Rawlinson would not be able to assault the German second position until he had cleared the substantial woods lying in front of the newly-captured ground.
The most obdurate of these obstacles was Mametz Wood.
Its capture contributed to the mauling of 38th Welsh Division, fighting its first battle.
Rawlinson determined to attack the German second position early on 14 July.
This time his guns - concentrated against a much narrower sector than they had been on 1 July - would fire a short 'lightning bombardment'. The infantry, who had moved up under cover of darkness, would go in just before first light. The attack of 14 July proved remarkably successful, but narrowly failed to take the dominant High Wood.
Ghastly by Day, Ghostly by Night
Although there were isolated successes in this phase of the fighting, like the capture of Ginchy by 16th Irish Division on 9 September, Haig came under increasing political pressure to break the costly stalemate that seemed to have set in.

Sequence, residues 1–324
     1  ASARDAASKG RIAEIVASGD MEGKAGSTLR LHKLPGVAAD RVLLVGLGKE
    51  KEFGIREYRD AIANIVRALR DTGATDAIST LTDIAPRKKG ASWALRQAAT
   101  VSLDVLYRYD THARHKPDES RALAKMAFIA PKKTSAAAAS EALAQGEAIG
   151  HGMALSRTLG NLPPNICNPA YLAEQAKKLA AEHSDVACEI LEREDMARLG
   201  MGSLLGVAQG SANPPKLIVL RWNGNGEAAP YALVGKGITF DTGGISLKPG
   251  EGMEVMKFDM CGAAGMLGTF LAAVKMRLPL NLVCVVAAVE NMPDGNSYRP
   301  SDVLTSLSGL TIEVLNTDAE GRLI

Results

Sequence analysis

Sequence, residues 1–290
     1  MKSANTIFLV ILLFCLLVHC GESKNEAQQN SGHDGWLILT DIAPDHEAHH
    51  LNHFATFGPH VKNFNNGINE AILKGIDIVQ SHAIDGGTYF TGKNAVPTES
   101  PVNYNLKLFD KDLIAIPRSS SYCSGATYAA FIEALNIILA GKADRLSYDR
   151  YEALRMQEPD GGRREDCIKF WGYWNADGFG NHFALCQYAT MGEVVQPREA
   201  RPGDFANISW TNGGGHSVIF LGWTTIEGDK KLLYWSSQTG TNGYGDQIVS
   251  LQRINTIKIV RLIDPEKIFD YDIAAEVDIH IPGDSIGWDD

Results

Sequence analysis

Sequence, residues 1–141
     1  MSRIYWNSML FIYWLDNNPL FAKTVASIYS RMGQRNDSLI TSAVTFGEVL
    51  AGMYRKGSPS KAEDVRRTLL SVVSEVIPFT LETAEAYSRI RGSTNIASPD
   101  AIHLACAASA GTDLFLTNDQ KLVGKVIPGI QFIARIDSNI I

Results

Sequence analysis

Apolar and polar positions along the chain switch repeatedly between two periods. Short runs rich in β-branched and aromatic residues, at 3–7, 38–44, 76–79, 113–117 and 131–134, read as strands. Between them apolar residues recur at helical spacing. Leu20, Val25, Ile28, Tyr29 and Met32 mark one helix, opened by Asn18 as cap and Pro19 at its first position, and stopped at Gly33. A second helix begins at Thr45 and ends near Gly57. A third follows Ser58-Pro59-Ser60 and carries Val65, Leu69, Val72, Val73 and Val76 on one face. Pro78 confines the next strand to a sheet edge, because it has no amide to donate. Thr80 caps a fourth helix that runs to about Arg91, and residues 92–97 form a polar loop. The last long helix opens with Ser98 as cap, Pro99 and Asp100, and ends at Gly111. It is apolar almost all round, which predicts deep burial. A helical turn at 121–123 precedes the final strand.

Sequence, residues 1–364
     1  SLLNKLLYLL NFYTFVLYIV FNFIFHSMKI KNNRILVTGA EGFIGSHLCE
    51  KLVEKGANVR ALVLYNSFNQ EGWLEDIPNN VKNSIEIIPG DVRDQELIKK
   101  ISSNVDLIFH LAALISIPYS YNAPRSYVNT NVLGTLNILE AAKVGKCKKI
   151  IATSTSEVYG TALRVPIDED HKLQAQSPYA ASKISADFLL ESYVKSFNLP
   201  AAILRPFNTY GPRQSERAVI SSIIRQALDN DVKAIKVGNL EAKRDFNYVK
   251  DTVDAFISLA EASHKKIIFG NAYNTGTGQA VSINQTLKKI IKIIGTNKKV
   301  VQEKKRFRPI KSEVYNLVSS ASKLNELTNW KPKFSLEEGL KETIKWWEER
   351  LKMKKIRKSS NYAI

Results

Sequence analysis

He decided to use a newly developed weapon - the tank (its title derived from the codename of 'water-tanks' coined in an effort to preserve secrecy) to fight the battle for Flers-Courcelette, a major offensive by 4th Army south of the main road.
On 15 September, when the battle began, only 49 tanks were available, and of these only 32 actually reached the start line for the attack. Rawlinson had decided to split them up across the whole of the attack front, rather than to concentrate them in key sectors.
The results of the first day's fighting were impressive. High Wood was taken by the Londoners of 47th Division, while the Scots of 15th Division took Martinpuich and the Canadians seized Courcelette. Twice as much ground had been taken as on 1 July, and for half the cost in casualties. German losses had been appalling, there was no wholesale breakdown in morale, and no clean breakthrough.
Battle of Morval, 25-28 September 1916